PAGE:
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Idaho Tribe Seeks Information On Vandals Behind 'White Power' Message

Vandals defaced a sign off Highway 95 on the Coeur d'Alene Indian Reservation.
Coeur d'Alene Tribe
Vandals defaced a sign off Highway 95 on the Coeur d'Alene Indian Reservation.

The Coeurd'AleneTribe in Idaho is asking for information that will lead to the person who wrote “white power” and other racist messages on a reservation historical marker over the weekend.

Vandals defaced a sign off Highway 95 on the Coeur d'Alene Indian Reservation.
Credit Coeur d'Alene Tribe
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Coeur d'Alene Tribe
Vandals defaced a sign off Highway 95 on the Coeur d'Alene Indian Reservation.

The writing was discovered on a sign for the former site of theDeSmetMission south of Plummer. The message also included the words “die … Indians,” an expletive and what appear to be swastikas.

Groups that have worked to drive white supremacist elements out of north Idaho are condemning the act. Tony Stewart, one of the founders of the Kootenai County Task Force on Human Relations, said, "We denounce it in the most strong terms. It is racist. It is filled with hatred and it's very depressing to us to know that kind of attitude and belief is anywhere in the world.”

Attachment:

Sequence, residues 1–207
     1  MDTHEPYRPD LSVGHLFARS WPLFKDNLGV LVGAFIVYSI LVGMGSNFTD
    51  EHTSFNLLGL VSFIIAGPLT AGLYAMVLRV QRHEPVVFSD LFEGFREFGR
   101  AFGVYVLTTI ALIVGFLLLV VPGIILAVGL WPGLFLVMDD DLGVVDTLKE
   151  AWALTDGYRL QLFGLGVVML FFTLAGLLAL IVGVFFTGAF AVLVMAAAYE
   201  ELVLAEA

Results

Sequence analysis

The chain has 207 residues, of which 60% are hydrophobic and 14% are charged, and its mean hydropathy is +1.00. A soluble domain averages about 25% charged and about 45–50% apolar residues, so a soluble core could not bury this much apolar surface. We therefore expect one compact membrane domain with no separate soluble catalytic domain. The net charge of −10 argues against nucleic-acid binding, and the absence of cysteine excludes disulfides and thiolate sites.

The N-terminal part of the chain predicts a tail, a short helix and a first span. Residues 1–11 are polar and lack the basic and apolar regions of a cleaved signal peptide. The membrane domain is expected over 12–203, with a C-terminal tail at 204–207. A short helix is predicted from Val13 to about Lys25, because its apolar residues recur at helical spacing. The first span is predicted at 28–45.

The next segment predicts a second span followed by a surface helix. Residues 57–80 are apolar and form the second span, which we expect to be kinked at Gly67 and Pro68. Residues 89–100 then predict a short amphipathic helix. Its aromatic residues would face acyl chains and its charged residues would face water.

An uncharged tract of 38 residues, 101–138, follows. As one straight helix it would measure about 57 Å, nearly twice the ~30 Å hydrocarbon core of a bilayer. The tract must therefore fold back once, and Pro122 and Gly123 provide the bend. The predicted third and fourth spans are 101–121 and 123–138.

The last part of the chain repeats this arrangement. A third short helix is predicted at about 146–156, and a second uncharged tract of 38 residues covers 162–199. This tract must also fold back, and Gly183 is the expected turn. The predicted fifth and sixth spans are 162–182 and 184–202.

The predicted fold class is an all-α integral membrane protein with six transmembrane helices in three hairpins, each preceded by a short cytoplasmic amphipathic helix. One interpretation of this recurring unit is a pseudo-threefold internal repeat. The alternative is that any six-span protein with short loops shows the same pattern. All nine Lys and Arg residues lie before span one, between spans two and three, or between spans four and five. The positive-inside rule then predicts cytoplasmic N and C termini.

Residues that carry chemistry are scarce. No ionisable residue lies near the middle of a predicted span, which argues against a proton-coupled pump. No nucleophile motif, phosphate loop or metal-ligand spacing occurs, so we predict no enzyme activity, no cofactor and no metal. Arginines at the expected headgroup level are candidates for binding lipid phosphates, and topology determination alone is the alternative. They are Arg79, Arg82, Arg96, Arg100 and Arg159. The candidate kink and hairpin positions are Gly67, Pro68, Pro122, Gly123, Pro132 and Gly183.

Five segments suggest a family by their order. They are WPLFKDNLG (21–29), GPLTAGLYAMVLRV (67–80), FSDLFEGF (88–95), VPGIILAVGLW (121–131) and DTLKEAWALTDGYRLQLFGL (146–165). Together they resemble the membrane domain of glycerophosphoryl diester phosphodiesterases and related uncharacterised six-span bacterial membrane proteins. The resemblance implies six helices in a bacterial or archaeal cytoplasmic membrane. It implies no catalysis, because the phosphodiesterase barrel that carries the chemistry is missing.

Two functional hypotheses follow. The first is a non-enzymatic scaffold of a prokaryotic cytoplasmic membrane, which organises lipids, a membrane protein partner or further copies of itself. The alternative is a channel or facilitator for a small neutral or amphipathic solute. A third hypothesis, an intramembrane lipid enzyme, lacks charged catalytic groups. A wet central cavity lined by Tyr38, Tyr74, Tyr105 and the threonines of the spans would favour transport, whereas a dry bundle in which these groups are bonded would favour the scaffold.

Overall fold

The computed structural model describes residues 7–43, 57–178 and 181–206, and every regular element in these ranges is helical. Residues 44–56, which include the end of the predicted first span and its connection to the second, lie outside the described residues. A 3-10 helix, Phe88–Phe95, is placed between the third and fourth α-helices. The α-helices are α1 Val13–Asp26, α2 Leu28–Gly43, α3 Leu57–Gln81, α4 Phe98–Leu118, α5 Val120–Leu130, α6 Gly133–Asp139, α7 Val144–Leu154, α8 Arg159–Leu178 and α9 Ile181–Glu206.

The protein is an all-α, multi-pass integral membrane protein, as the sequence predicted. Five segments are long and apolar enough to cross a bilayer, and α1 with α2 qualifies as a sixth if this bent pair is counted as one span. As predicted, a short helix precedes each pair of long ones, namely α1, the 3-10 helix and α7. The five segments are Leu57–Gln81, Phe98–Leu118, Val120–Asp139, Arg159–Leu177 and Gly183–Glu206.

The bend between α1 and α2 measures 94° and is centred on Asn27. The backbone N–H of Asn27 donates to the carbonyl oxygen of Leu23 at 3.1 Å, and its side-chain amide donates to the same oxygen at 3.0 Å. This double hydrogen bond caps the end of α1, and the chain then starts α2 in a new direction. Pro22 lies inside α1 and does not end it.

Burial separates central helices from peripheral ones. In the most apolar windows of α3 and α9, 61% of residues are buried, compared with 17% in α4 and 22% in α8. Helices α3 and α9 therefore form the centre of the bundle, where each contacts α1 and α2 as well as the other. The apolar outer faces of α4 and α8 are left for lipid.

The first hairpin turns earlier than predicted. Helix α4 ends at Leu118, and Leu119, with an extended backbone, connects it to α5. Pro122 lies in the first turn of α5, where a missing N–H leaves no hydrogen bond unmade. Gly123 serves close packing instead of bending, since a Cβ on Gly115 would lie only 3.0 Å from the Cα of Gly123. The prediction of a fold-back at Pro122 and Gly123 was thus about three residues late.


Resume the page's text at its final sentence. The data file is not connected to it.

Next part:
Stewart said the vandalism is more likely the work of “lone wolves” than the re-emergence of any organized group. In the 1980s and '90s, the Aryan Nations had its world headquarters in Hayden, Idaho.

Stewart said the person who defaced the sign could be charged with a federal hate crime.

Copyright 2014 Northwest News Network

Jessica Robinson
Jessica Robinson reported for four years from the Northwest News Network's bureau in Coeur d'Alene, Idaho as the network's Inland Northwest Correspondent. From the politics of wolves to mining regulation to small town gay rights movements, Jessica covered the economic, demographic and environmental trends that have shaped places east of the Cascades. Jessica left the Northwest News Network in 2015 for a move to Norway.